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Paving and Sealcoating Asphalt FAQs

Many of our asphalt paving customers ask the same questions about the installation process and about sealcoating asphalt. So, we thought we’d compile a few of the frequently asked questions all in one place!  If you have another question about asphalt or sealcoating, please feel free to contact us!

Should construction crews be allowed to pave in the rain?

paving Sealcoating AsphaltOccasional light sprinkles should not be a reason your asphalt paving contractor shuts down operations; however, during a steady downpour for safety reasons (think lightening) and installation reasons.  First, it is important to pave on a firm, stable, well-draining crushed aggregate base – rain or no rain. If the rain starts to erode the base, paving should stop.  Additionally, rain water will cool the asphalt mix and can make it difficult to properly compact the surface. Puddles of water can also cause the separation of the asphalt binder from the aggregate.

After new asphalt is installed how long do you wait before sealcoating?

If you’ve just had your parking lot paved with new asphalt, and are concerned about protecting your investment, you’ll want to sealcoat the pavement.  So, how long to you wait to do that? The general rule of thumb is to wait one year before sealing new asphalt.  This allows the surface to rid itself of light oils, through oxidation. To make sure you’ve waiting the proper amount of time, spread some water on the surface. It the water spreads evenly without beading, and shows no “rainbows” from surface oils you are ready. This is also called “water break test”. The exact amount of time will vary slightly depending on geographical locations.

Should sealer be applied in one thick coat or two thin ones?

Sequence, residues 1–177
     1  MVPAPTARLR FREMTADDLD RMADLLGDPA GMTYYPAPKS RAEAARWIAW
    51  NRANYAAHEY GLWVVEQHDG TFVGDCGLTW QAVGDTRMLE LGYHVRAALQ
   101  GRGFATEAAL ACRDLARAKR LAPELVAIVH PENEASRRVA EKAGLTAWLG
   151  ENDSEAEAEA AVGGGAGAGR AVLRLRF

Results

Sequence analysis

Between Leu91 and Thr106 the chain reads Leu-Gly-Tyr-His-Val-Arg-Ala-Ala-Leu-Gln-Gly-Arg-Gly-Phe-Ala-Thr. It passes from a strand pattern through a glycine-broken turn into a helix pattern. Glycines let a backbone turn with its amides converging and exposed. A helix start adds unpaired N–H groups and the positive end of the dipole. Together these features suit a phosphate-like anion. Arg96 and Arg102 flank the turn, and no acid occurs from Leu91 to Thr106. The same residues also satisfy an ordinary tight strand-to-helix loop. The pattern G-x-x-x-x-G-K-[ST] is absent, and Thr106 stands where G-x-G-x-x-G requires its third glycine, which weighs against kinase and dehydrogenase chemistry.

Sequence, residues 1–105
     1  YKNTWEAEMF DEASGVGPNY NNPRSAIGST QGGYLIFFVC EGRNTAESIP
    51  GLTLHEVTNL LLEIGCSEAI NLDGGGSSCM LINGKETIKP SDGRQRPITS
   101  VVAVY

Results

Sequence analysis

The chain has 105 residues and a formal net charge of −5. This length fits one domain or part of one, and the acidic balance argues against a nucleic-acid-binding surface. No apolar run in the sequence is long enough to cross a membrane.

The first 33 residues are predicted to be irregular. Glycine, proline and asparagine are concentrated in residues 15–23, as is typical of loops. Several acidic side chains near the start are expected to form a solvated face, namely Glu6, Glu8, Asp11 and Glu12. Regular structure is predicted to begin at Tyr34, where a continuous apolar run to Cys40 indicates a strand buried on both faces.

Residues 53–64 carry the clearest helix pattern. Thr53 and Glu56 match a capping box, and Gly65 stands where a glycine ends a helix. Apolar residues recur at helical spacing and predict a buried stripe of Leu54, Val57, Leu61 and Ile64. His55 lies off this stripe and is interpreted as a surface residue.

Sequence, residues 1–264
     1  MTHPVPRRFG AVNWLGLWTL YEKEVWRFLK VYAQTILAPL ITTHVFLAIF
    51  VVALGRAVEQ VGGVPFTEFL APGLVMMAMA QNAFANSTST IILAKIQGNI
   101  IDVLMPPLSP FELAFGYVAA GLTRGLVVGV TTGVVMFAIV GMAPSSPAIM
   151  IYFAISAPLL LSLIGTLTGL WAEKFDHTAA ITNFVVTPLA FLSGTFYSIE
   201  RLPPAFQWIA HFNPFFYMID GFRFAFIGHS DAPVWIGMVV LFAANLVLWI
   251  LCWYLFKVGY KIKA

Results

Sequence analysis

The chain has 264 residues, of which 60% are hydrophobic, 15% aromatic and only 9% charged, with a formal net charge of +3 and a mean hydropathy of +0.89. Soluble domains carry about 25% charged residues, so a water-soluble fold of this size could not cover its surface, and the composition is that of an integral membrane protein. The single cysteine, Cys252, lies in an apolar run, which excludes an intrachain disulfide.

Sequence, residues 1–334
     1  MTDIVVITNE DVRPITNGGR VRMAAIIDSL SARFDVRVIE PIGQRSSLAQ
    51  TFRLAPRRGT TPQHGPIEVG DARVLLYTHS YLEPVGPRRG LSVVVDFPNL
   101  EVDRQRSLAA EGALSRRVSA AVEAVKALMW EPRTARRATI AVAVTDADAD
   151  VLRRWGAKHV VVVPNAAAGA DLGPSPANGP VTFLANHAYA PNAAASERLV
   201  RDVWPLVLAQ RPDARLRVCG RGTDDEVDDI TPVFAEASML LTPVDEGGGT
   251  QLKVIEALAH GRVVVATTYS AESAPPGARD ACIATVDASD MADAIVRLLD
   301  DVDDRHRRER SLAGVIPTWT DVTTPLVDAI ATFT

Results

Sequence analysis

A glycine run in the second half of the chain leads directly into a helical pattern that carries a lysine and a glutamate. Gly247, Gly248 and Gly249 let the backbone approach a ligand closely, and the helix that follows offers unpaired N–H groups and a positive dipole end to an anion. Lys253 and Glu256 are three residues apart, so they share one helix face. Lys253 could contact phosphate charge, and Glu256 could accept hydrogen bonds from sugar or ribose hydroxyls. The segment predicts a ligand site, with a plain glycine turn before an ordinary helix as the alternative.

Much like paint, sealer applied in two coats dries and cures much better than one thick coat application. Remember sealers are water-based coatings, which cure through the evaporation of water.  A thin coat will release water much faster than a thick coat. If applied in one thick coat, sealer will have a tendency to hold water and stay soft for a longer period of time.

Why would sealer dry to a gray color?

If the sealer does not cure to its normal charcoal black dried color, it is possibly due to the sealer curing under shaded areas or the surface contained too much moisture.  In these cases, the problem may be temporary and after a few days in full sun it will cure to its normal color. Temporary graying can also be eliminated through the use of specialty additive that helps sealer dry faster and at a uniform rate.  Another reason sealer may dry to a gray color is because of higher clay and filler content in the sealer itself. If after a few days it does not darken, consult the manufacturer or your installer.

About ABC Paving and Sealcoating

With more than 20 years of experience, ABC Paving and Sealcoating is Florida’s leading paving contractor.  ABC Paving and Sealcoating provides commercial organizations with the highest level of customer service, professional workmanship and services including:  asphalt paving, asphalt repairs and prevention, pothole repairs, sealcoating, line striping and pavement marking, thermoplastic, crack filing, signs and safety devices, concrete sidewalks, concrete curbs, site preparation and signs and safety devices.  We use our experience and the latest equipment available to get the job done right the first time in a timely, cost effective manner.  For more information about ABC Paving and Sealcoating, visit our website at https://pavingandsealcoating.com or call 866-934-7623 for a free estimate.

ABC Paving & Sealcoating
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